Florida’s Baker Act: Should Other States Follow?
The Florida Mental Health Act, otherwise referred to as Florida’s Baker Act, permits for the involuntary assessment of an individual for no more than 72 hours. There are specific rules and guidelines for this hold, but still the act has been controversial.
What Is Florida’s Baker Act?
To be more specific, Florida’s Baker Act is a 72-hour involuntary hold that can be initiated by a judge, police officers, medical doctors, and mental health professionals. The idea behind this act is to push people who may pose a threat to themselves or others into receiving a mandatory mental health evaluation. A Baker Act is typically sought when a person refuses a voluntary evaluation but appears to be mentally unstable. It is not uncommon for individuals with mental illnesses to not be aware of how severe or destructive their situation or condition may be. This is why The Baker Act was designed to be helpful since it gets individuals to receive the examination they need.
However, The Baker Act of Florida can occur voluntarily too. It is considered voluntary when an individual who is 18 years or older requests for admission to be under observation or assed at a facility. Likewise, this also applies to the parents and guardians of children 17 years old or younger.
Why Other States May Consider The Baker Act
The Baker Act was designed to help individuals suffering from mental illness, but it can also help those who may be suffering from alcoholism and drug addiction. This can be particularly helpful, not only to Florida residents but also to individuals throughout the nation, especially now that The Opioid Epidemic has taken a widespread toll. The reality is that some alcoholics and addicts may reject an intervention and disagree with seeking treatment for addiction. In these cases, The Baker Act may help push addicts and alcoholics to get the help they desperately need.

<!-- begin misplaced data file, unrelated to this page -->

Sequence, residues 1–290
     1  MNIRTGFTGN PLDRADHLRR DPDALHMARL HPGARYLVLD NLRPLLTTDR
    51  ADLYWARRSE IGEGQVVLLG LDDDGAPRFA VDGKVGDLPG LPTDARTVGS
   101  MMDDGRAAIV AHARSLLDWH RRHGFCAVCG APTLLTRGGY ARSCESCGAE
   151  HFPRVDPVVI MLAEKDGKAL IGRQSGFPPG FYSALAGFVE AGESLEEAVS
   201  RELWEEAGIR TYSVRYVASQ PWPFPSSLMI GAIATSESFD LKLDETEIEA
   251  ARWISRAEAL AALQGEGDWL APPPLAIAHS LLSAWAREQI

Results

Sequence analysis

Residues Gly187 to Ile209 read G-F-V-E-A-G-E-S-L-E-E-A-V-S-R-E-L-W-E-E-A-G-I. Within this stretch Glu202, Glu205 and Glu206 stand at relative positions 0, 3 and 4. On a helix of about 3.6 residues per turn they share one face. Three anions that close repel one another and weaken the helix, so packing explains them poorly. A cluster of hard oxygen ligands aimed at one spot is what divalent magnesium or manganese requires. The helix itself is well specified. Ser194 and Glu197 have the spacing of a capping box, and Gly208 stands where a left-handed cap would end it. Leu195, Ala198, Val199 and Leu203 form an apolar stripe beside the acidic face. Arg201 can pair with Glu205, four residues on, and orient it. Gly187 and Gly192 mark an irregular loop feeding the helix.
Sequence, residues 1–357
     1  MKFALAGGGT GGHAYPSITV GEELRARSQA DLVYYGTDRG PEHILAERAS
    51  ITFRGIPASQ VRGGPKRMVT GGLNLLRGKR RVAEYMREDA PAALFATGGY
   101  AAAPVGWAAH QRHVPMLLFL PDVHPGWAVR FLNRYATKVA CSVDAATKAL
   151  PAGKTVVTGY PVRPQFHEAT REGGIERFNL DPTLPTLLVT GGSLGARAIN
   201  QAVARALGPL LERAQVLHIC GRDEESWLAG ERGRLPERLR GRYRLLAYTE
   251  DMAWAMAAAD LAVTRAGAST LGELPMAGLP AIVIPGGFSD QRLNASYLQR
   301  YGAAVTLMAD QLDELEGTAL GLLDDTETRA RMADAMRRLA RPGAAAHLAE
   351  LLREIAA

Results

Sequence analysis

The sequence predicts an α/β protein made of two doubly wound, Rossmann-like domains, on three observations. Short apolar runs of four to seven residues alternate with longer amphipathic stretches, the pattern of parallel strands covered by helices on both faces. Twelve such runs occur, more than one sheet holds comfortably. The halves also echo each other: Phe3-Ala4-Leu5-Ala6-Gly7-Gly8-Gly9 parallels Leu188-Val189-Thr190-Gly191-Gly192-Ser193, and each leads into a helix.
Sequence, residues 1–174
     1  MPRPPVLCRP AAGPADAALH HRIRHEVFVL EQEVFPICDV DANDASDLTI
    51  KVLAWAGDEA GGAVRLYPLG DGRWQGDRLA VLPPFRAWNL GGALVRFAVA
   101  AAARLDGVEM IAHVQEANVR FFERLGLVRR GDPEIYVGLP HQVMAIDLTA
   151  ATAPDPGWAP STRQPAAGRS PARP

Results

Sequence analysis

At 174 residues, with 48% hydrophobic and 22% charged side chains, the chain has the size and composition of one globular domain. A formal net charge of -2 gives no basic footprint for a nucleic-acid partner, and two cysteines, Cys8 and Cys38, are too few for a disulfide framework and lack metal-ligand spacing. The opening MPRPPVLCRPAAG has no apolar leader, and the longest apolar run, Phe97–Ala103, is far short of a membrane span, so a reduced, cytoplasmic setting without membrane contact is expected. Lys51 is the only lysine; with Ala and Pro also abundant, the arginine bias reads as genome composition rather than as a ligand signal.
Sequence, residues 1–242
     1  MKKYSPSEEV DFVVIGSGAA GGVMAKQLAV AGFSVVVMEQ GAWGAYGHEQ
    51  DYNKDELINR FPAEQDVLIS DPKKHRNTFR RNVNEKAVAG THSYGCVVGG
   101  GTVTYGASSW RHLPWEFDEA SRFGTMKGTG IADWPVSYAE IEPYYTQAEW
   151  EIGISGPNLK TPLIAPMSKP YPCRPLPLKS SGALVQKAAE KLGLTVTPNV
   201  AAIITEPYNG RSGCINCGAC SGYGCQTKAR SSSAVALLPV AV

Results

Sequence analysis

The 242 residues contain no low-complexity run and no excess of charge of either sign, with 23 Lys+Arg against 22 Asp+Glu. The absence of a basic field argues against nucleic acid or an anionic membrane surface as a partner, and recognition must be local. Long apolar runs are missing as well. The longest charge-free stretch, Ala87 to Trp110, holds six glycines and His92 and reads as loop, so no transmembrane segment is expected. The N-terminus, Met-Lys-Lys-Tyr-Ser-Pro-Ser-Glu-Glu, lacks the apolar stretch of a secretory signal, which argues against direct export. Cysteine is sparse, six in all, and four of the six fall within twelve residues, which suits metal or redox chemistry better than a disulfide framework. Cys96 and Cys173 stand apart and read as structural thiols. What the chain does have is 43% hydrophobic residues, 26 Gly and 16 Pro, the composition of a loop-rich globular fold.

If other states could pass the same act or one that is comparable to Florida’s Baker Act, then many others may benefit from being able to have their loved ones receive the evaluation they need and lives could ultimately be helped and saved.
The backlash of The Baker Act is that some people feel it can be harmful to individuals who are not suffering from a mental health condition and yet are still obligated to receive an involuntary mental health assessment. The truth, however, is that there are guidelines for The Baker Act and these were created to prevent this act from being abused. Individuals that are “Baker-Acted” indicate or show they are a threat to themselves and/or others. A Baker Act can only be filed by law enforcement officials, mental health professionals, judges, and medical doctors. However, if you witness an individual threatening their own life or someone else’s, you can petition to the cause and file an affidavit at the town clerk’s office to seek an ex parte order for the involuntary assessment of the individual. The court will go over the documents and if the court agrees, the individual will be brought to a facility for an evaluation.
Seeking Help for Addiction When You Need It
Mental health conditions, including addiction, can be devastating. Someone who is suffering from addiction or another type of mental illness may not even be able to see how disastrous and concerning that their situation is. The Florida Baker Act can help individuals suffering from mental illness, including addiction, get an evaluation and be held for 72 hours, but it’s important to share that help is available and if you need it, you deserve to get the treatment you do need in order to live a healthy life. When it comes to addiction, nothing can seem scarier than asking for help, but it can lead to you getting your life back and being able to live free from the crutch of any substance.
The Watershed Addiction Treatment Programs in Florida and Texas is a dual diagnosis facility with a full continuum of care for the treatment of drug addiction and alcoholism. Since 1998, we have helped over 55,000 alcoholics and addicts. Our team of medical doctors and addiction professionals are committed to restoring lives and providing the necessary care to treat the root cause of addiction. You don’t have to keep staying stuck in active addiction. You can live a life without using substances, but you will need to ask for help in order to get there. The Watershed can and wants to help. Call The Watershed at 1-800-861-1768.Tags: Addiction, florida baker act, mental health, mental health illness, mental illness